Steel Minions may sound like any other indie start-up on the surface – but the studio has a much more interesting tale to tell. Founded in 2010 by British university Sheffield Hallam, the outfit was conceived in order to provide game production students with hands-on experience within an operational development environment. Fast-forward two-years and the team has just completed work on its first commercial project, a quirky pick-up-and-play platformer named BounceBack.
What sets the release apart from other academic ventures is the fact that the title is available now from the PlayStation Store. Sheffield Hallam is the first university in the UK to submit a game to Sony’s quality assurance department, and have it commercially released on multiple PlayStation platforms. That’s no minor achievement – but it’s something that studio manager Jacob Habgood has been striving towards ever since joining the university back in 2009.
“I left my job at Sumo Digital in 2009 to come and teach at Sheffield Hallam, and the studio was something I wanted to establish as soon as I got here,” the industry old-timer informs us in an exclusive chat. “I’ve worked on dozens of console titles over the years for Gremlin, Infogrames, and, of course, Sumo Digital.”
But while Habgood is a veteran in the space, he’s also aware of how hard it can be for graduates to get their first break. “Getting your first published title is considered a bit of a rite of passage within the industry, and so I wanted to try and provide that for graduates as part of their degrees,” he explains. “[Steel Minions] is a collaboration between the games teaching staff and the research institute, who provide the physical space for the studio in the science park.”
According to the studio manager, Sheffield Hallam’s relationship with Sony dates all the way back to the PlayStation 2 days. “We were one of the first universities to get PS2 development kits,” he boasts. “These days we have the largest PlayStation 3 teaching lab in Europe.”
Sheffield Hallam was one of the first universities to get PS2 development kits, now we have the largest PS3 teaching lab in Europe
For Habgood, the PlayStation platform harbours nostalgic memories. “I cut my industry teeth on the original PlayStation console, and I think it’s fantastic that our students can experience heavyweight game development as part of their degrees. It's a real unique selling point that not every university can offer.”
Indeed, for Steel Minions’ lead designer Nick Abbott it was Sheffield Hallam’s ties to PlayStation that drew him to the university in the first place. “Back when I was looking at universities and courses, Sheffield Hallam’s computer games department was already known for having industry ties with Sony,” he tells us. “Their prospectus showed students using PlayStation 2 development kits, and it was the thought of getting to actually work on real consoles that helped my decision [to enrol].”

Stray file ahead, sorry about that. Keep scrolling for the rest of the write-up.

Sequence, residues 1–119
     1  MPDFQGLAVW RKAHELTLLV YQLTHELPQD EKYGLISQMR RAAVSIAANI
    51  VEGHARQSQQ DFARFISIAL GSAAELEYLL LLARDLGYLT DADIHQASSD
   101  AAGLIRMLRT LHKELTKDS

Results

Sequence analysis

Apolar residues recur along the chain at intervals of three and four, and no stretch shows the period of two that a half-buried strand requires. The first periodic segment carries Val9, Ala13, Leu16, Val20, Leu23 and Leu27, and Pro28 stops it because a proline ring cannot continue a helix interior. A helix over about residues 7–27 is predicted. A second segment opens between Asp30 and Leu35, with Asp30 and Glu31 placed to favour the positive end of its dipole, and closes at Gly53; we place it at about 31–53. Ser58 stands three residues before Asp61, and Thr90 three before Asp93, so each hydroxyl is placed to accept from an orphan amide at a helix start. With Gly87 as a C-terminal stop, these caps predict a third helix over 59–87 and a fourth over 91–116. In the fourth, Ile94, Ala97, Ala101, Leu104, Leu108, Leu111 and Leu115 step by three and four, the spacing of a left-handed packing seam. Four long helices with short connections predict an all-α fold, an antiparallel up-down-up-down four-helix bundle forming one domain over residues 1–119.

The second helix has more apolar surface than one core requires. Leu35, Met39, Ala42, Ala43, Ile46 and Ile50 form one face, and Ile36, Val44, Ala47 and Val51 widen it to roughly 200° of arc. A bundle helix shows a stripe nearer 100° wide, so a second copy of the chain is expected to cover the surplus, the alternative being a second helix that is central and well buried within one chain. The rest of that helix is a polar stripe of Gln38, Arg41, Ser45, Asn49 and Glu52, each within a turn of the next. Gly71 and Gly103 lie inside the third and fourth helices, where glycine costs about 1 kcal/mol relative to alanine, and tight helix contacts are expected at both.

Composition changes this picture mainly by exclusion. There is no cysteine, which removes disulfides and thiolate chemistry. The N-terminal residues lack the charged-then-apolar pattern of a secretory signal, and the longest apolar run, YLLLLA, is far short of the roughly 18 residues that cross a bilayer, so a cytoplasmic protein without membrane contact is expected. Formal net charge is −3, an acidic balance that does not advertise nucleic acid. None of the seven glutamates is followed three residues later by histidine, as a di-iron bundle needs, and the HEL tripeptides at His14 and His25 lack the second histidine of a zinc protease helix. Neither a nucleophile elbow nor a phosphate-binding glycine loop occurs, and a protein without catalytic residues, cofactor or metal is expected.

Level designer Adam Kaye followed a similar path. “Friends had recommended Sheffield Hallam to me before as being an excellent University for computing degrees, and computer games have always been a big passion of mine,” he says. “When I noticed that Sheffield Hallam offered a course aimed specifically at games development I was very intrigued and decided to go for it.”
While the students were naturally excited about the prospect of joining the well regarded institution, they never imagined that a few short years later they’d be putting the final touches to a commercial PlayStation game. “I had seen examples of final year work before I began the course, but nothing like a complete commercial game had ever been done previously,” Abbott explains.
In fact, the team started work on BounceBack as part of a core module before Steel Minions even existed. “I remember having to help think up names for the studio before we settled on Steel Minions,” Abbott recalls. “We had already begun work on BounceBack for a course module before the studio was fully set up, although at that point it was a very small single level prototype and looked very different. The opportunity to turn it into a PlayStation minis title was suggested to us when by chance we demoed our prototype to [Academia Liaison manager] Sarah Lemarié from SCEE. It was then that work in the studio really began, with BounceBack being the first title.”
While Kaye and Abbott were involved with the project from its inception, other students were brought in later to help flesh out the game. Lead artist Victoria Hall was one such recruit. “I first got involved with Steel Minions in my second year when I was working on a concept proposal for a reboot of the classic Zool franchise,” she says. “Since I was so involved with Steel Minions, I was approached to help revamp BounceBack with new artwork.”
BounceBack was a game created by the students, not a game created by Sony with the help of students
As development on BounceBack was considered an extra-curricular activity, finding the time to put in the work really took its toll on the team. “Trying to balance developing the game with the rest of our full-time degree was challenging to say the least, but fortunately Sony let us have as long as we needed to get the game to a commercial level,” Abbott notes. “We kept in touch with progress updates now and again but the real contact came at the end of development in the quality assurance process.”
And when the team did need support, Sony were a pleasure to work with. “Sony was very helpful with the creation of the title when it came to getting to grips with the tools we were using to get the game authorised and certified,” Kaye beams, adding that the otherwise hands-off nature of the platform holder was a good thing. “It made sure that BounceBack really was a game created by the students of Sheffield Hallam, and not a Sony created game with the collaboration of students.”